Times Change

I don’t write about politics, but I had to share this bit I heard on the radio yesterday, while driving home sometime after Hillary Clinton’s speech.  A number of DNC attendees brought their daughters to hear her speech.  The radio reporter asked a couple of girls there whether they felt inspired by the speech and the notion that they too could become President.  The first one, a twelve-year-old, said she was.  The second, a six-year-old, went a little differently:

Reporter: So do you think you could become president someday?
Six-year-old: No.
Reporter: Why not?
Six-year-old: Because I want to grow up to be something else.
Reporter: What’s that?
Six-year-old: A farmer.

I loved that.

The mothers who brought their daughters there said they’d never expected to see a woman presidential candidate in their lifetime, and it was deeply meaningful to them.  I wish my grandmother had lived to see this.  She tried to vote for Hillary in the 2008 primary, having been a longstanding supporter, but had deteriorated to the point where she couldn’t sign her name, just write circles.  My mother included a note explaining this, but of course we have no idea whether it was counted.  Grandma was still alive when Obama was elected, but not very aware at that point (although she did ask once if the election had happened, and was pleased to hear that “we won”), and passed away the following year.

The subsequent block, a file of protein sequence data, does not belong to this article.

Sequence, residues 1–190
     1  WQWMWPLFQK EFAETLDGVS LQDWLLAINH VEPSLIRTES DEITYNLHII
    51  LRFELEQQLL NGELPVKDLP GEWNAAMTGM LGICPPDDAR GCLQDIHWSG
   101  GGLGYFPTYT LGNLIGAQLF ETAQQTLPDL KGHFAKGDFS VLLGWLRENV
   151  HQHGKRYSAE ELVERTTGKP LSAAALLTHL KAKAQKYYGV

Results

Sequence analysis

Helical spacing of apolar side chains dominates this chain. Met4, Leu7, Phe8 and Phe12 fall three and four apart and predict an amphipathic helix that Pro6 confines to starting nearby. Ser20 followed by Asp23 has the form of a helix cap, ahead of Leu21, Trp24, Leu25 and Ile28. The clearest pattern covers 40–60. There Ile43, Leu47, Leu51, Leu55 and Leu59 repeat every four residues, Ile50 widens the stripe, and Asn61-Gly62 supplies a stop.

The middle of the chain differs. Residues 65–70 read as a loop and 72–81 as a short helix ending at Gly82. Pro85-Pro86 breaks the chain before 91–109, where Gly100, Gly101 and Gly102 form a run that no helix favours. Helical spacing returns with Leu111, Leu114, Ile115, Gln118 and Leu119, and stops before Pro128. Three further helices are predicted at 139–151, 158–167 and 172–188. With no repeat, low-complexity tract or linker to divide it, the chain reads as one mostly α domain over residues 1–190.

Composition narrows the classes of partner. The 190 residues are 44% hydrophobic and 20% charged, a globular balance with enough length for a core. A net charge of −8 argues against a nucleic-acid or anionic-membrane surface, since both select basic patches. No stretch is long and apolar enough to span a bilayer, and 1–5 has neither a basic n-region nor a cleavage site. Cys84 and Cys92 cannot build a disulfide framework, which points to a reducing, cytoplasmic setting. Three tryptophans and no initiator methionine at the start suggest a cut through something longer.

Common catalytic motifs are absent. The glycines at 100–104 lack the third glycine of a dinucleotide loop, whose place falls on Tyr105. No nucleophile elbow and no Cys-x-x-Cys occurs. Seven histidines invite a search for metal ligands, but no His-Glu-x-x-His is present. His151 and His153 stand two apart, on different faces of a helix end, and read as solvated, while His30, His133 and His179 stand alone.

When I was, I dunno, a teenager, I enjoyed reading a Reader’s Digest Treasury of Wit and Humor, culled from the humor sections of RD.  It was published in 1957.  One was a cartoon of a nurse telling a new father, “Well, you have a future President of the United States… if we ever have the good sense to elect a woman.”  That’s what Grandma, and Mom, grew up with: “future President” being used to announce that the baby was a boy.  I wonder if that phrase is still used that way.

Just remembered another anecdote from the RD book, told by a teacher who had asked her young students to draw what they wanted to be when they grew up.  Most of the kids got to work drawing, but one girl just scowled at her paper.  When the teacher asked why she wasn’t drawing, the girl said “I want to be married when I grow up, but I don’t know how to draw it!”

This is probably why I loved that six-year-old’s ambition to be a farmer so much.

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